Audible’s Director of Spanish-Language Content, Manny Miravete, is passionate about bringing Latino and Hispanic stories to audiences. “I want to make sure we’re hearing more voices from the larger spectrum of our country and the universe of audio content.”
Miravete first started working with Audible as a consultant in 2018. He had been working in media sales for Google and Microsoft, strategizing about the best ways to reach Latino users, when an opportunity arose for him to put together a marketing plan for Audible Latino.
Soon after, he was asked to head up Audible’s Spanish-language content pipeline, including the development of original material. Miravete brought his contract negotiation skills, access to creators, and a passion for storytelling to the table. “It was a complete career shift,” he marvels, “but I love what I do.”
Miravete’s team sources content for potential Audible Originals from studios, podcast producers, writers, and other creators, and then helps develop those for listeners. “My job is to acquire content where Latino customers can hear themselves reflected in the story,” Miravete explains, “regardless of what languages the characters are speaking.”
Cultural representation in storytelling is deeply important to Miravete, who especially loves “a great coming-of-age story that happens to have Latino characters in it and cultural references Latino people can relate to.” As an example, he cites the Audible Original En Delos no puedes morir, which was first released in Spain and grew so popular that it was adapted into an English-language version, In Delos You Cannot Die. “We’re looking for stories that people haven’t heard—or haven’t told—about their backgrounds and experiences in life, and then trying to make those relevant to the rest of our audience.”
Miravete’s input doesn’t stop at acquisition and contract negotiation, extending into the production process, from reviewing preliminary scripts to giving notes on the audio—in both English and Spanish. He says he’s guided by his love of great storytelling and his ability to listen as a customer would. “I ask myself ‘what will keep the customer listening past this chapter, to the end,’” he says. “I’m very customer-obsessed.”
Miravete’s efforts, and those of the Spanish content teams, have grown Audible’s Spanish-language catalog to more than 19,000 titles, and he has launched more than 50 original Spanish- and English-language productions ranging from audiobooks to podcasts and multicast productions. Recently he was invited to speak about Latino narratives in American media at the Congressional Hispanic Caucus, where he described his involvement with Audible’s Hear My Story initiative as “ensuring that every piece of content we are creating has underrepresented talent behind them,” whether that means the performers, the characters in the story, or the writers.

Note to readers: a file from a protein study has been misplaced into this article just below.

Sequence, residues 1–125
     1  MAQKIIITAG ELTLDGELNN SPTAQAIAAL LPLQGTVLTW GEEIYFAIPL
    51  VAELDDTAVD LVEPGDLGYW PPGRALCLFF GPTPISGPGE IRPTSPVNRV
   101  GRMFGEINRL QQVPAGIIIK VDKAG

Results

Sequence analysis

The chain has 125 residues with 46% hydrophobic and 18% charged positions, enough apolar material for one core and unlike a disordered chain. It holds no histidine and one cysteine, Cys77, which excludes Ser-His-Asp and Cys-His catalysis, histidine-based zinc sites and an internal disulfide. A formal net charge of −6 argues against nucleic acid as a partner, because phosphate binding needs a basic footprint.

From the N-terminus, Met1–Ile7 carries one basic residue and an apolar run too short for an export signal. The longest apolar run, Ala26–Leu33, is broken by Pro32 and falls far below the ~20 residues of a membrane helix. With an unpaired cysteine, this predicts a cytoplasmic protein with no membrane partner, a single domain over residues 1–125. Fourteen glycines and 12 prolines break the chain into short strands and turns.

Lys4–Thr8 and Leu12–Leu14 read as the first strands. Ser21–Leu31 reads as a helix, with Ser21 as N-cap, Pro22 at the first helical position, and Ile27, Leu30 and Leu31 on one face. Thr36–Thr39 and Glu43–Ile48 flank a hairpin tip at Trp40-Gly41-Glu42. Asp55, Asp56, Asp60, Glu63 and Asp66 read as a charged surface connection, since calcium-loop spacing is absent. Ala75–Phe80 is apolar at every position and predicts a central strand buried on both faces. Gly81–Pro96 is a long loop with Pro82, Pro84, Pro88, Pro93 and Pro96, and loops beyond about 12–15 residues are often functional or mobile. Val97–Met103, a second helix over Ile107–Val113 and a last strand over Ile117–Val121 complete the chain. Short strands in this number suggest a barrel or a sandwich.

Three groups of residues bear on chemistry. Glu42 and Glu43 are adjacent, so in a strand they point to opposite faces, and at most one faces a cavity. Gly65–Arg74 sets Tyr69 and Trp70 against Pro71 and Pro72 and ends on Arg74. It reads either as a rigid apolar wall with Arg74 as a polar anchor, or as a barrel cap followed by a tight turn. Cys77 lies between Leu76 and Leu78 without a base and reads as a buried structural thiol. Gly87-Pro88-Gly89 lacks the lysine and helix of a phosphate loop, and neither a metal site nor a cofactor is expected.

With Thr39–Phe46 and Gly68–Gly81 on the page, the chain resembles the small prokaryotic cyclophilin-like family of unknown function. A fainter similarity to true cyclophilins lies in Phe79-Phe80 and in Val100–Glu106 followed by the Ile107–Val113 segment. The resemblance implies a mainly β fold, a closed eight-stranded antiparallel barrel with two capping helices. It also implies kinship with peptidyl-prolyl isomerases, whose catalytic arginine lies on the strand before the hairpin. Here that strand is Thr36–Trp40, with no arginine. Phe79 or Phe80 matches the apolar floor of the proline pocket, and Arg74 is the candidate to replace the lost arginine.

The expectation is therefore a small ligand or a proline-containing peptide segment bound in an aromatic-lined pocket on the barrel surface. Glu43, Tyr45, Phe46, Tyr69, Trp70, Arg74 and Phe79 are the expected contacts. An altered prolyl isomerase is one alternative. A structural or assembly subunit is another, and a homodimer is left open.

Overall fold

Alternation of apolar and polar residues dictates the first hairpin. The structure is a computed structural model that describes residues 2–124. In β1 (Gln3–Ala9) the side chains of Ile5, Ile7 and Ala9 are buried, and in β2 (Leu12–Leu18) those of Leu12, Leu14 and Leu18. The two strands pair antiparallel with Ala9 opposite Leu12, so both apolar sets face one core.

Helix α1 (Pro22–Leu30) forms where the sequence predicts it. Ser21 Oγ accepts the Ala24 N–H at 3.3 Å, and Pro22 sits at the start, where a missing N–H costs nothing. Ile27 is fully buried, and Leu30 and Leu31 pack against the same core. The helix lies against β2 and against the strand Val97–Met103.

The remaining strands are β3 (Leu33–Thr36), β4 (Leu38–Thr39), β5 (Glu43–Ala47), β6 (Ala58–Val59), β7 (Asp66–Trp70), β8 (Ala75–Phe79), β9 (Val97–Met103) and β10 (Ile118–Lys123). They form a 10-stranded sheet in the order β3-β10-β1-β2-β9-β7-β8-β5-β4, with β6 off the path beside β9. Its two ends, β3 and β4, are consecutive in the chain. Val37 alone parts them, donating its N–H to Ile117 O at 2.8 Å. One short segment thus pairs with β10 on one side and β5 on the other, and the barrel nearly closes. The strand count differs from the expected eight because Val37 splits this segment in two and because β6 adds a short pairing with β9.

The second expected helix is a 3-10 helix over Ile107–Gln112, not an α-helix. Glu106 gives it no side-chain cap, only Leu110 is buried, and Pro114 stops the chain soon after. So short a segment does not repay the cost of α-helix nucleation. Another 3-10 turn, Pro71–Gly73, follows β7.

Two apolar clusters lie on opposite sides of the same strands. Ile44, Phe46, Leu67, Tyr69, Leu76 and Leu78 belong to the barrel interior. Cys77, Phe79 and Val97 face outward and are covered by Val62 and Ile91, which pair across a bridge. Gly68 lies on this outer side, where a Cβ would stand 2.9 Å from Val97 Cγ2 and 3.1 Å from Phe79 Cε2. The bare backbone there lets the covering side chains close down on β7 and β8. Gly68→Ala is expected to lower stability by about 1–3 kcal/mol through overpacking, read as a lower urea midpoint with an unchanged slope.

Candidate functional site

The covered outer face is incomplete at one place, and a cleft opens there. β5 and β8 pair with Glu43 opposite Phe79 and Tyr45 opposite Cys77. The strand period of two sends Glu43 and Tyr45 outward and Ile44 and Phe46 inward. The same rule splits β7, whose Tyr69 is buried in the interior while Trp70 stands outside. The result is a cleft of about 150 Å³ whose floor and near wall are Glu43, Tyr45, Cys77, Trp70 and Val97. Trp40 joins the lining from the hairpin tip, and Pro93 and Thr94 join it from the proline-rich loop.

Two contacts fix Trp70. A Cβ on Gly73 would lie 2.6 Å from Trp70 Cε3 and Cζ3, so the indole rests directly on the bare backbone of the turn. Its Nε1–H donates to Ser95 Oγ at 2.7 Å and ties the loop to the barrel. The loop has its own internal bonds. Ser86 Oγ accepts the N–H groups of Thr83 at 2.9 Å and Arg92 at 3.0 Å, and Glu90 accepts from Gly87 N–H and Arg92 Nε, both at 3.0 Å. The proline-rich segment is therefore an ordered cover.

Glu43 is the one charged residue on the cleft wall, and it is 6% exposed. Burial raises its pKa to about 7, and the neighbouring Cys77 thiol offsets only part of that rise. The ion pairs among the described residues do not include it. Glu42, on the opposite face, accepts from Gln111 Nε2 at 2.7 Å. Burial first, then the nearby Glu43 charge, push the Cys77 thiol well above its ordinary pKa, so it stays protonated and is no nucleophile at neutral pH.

Storytelling is essential to educating audiences about other cultures, and to building empathy, and Miravete says this is especially powerful when stories have universal appeal. “I want to hear a story of love or tragedy or passion that happens to be written by someone from the Latino community, or stars someone who is Latino,” he says. For example, his acquisition of Audible Original Le mujer que sabe volar, about the first female skydiving instructor in Mexico and her triumph over a debilitating injury, was so well-reviewed by customers that it was adapted and localized for English-listening audiences to enjoy as The Woman Who Knows How to Fly. “If we didn’t find these stories and tell them,” says Miravete, “how would anybody find out that you, as an individual, can have such a big impact on the community and the world?”
Because he must listen critically for work, Miravete chooses stories that are completely different for his leisure time. Since he’s deep in the production of an Audible Original sci-fi space opera, for instance, he’s changed it up with historical nonfiction, the acclaimed Killers of the Flower Moon by David Grann. “The way the Native Americans were treated, given that oil was found on their land, but the U.S. government assigned them guardians to manage their money because they could not be trusted to manage it themselves, and then were systemically robbed of it by those guardians, drives me crazy,” he says. “There’s also a true crime component that attempts to solve murders that are decades-old, which makes it not only more frustrating but very compelling.”
As for his work-listens, he says, “One of the forthcoming Originals I am most excited about is called Punk In Translation; Latinx Origins. This will be our first Original to be published simultaneously in English and Spanish!”